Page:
If It Walks Like A Human, Is It One?

If It Walks Like A Human, Is It One?

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If It Walks Like A Human, Is It One?

Check out the first glimpse BMW's newest artist showcase bridging man and machine.

Check out the first glimpse BMW's newest artist showcase bridging man and machine.

As technology continues to advance, it finds a greater foothold in the world of art. The latest iteration of this is the collaboration between BMW i, art group Random International, and experiential art company, SuperBlue. The three groups have come together to present "No One is an Island," a sculpture show aided by music and dance performances.

The interaction between humans and tech blurs as dancers perform alongside mechanized counterparts. As the centerpiece sculpture questions the line between what is human and what is merely pretending to be so, dancers from Studio Wayne McGregor interact with kinetics. The sculpture, a rendition of Random International's "Fifteen Points," walks and moves with an eerie sort of grace.

The performance is scored by Chihei Hatakeyama, as his soundtrack adds an additional layer of fluidity to the spectacle. It all seeks to push the audience on matters of artificial intelligence versus the innately human ability to empathize. Where does one end and the other begin?

The show has its digital premiere coming soon. There will also be a live performance later into next year. For now, hear more about the showcase from the sculptors who helped bring it to life.

See our exclusive interview with Random International below. 

V Why did a light installation make sense for this partnership with BMW?

RI We try our very best to not make too much sense, in general. When we started to speaking to them, we felt there was an instinctive and robust connection between our interest in how humans see and experience machines, and BMW i’s interest in how their machines respond to the human. In that sense, light is just a medium that helps the machine to express itself.

V What are the key updated elements that differentiate this rendition from previous versions of Fifteen Points?

RI This project enabled us to opening up the Fifteen Points family to the collaboration with Wayne and Chihei. In that process “No One Is An Island” shifted from a more or less formal investigation of our specific and instinctive human reaction to seeing ‘man in a machine’ towards a much broader and more inclusive exploration of whether or not we can empathise with machines, and what happens if we do.

V Can you elaborate on the synergy of empathy and interaction between dancers and this human light-form?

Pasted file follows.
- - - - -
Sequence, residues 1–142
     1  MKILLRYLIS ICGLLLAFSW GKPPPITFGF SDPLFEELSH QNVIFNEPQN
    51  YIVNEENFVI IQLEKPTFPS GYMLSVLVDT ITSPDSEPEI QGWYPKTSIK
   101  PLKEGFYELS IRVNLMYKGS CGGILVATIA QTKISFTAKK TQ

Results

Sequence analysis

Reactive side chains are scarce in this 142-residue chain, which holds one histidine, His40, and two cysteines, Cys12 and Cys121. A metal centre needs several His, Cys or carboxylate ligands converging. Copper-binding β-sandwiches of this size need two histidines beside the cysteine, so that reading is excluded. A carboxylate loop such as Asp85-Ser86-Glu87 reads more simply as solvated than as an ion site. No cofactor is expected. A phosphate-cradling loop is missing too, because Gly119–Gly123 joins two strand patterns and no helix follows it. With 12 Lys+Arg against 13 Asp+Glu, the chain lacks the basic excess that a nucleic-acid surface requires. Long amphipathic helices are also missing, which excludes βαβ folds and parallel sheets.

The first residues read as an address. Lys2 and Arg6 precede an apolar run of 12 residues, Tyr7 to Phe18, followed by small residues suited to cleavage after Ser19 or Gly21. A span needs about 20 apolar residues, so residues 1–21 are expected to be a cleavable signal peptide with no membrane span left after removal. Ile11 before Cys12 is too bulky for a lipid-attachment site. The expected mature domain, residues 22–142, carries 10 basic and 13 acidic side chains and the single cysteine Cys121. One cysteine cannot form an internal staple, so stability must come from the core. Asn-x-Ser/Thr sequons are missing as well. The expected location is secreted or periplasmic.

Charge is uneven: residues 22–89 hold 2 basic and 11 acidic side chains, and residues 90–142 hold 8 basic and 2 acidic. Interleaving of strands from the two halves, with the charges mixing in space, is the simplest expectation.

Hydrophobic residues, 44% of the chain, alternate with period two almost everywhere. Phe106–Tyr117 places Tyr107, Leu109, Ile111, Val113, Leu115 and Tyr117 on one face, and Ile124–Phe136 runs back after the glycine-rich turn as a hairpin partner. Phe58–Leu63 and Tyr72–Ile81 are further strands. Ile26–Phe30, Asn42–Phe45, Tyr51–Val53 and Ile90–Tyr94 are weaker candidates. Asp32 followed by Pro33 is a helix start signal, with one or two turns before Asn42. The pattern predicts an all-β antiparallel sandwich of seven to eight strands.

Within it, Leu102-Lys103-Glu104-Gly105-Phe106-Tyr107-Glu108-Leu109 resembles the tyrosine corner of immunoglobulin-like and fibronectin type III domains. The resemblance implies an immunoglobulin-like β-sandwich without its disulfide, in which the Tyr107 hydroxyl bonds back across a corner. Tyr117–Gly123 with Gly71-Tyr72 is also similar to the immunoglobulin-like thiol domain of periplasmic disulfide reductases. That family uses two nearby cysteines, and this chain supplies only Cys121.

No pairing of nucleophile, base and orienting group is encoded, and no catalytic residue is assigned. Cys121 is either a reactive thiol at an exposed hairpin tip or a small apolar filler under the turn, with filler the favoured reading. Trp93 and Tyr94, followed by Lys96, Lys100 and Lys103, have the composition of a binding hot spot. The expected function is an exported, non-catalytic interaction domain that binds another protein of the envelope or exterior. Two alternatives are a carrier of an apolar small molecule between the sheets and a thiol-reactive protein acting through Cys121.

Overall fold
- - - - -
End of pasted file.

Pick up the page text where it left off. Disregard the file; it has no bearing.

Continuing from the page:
RI When the performance unfolds, we see two humans literally wrestling something ‘sentient’ out of the convoluted robotic sculpture until it gives us: human movement. In all it’s deficiency, it’s this simulation of ‘being human’ that we seem to be longing for. We recognise the machine not as the ‘other’ but we seem far too willing to attribute agency to it. And before we know, we start to feel with it. Which is an incredibly interesting space.

V There have been mixed emotions about the advancements of AI potentially posing a threat to human existence. How does empathy play a role between both machine and human life?

RI In order to answer this question, we feel it’s necessary to explore our somewhat desperate need to engage with systems we do not fully understand in general, on an empathic or any other level.

V What are your views on the future relationship between man and machine?

RI The current relationship seems to develop characteristics of some kind of pre-cognitive Stockholm syndrome: we’re literally in love with machines and mechanistic processes (virtual and otherwise) that have the quantifiable potential of damaging us. We think it’s of fundamental importance to develop a healthy and broad public debate around these topics and how they impact on our everyday lives.

V In its simplest terms, can you break down the advanced algorithms in which steer electrified movement?

RI Animation models that started on the basis of the incredible work of Prof Niko Troje at the BioMotionLab

in Canada and were ported to our sculpture, then thousands of line of additional code and thousands of lines of firmware to make it come to life.

V Can you speak on the sustainability component? How does the structure obtain power?

RI The sculpture uses standard power from the mains. When ‘Fifteen Points’ is shown in an exhibition format without the dancers, the sculpture works by using lidar tracking and is only activated when a human being enters the room so it is not consuming energy all the time.

Credits: Photos courtesy of BMW.


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